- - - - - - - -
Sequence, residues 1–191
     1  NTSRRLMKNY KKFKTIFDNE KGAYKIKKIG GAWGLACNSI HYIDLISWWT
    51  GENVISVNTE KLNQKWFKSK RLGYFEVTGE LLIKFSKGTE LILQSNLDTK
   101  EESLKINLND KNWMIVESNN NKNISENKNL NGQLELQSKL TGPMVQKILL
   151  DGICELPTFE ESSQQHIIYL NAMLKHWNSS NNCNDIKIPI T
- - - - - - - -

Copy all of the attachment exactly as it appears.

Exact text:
Sequence, residues 1–191
     1  NTSRRLMKNY KKFKTIFDNE KGAYKIKKIG GAWGLACNSI HYIDLISWWT
    51  GENVISVNTE KLNQKWFKSK RLGYFEVTGE LLIKFSKGTE LILQSNLDTK
   101  EESLKINLND KNWMIVESNN NKNISENKNL NGQLELQSKL TGPMVQKILL
   151  DGICELPTFE ESSQQHIIYL NAMLKHWNSS NNCNDIKIPI T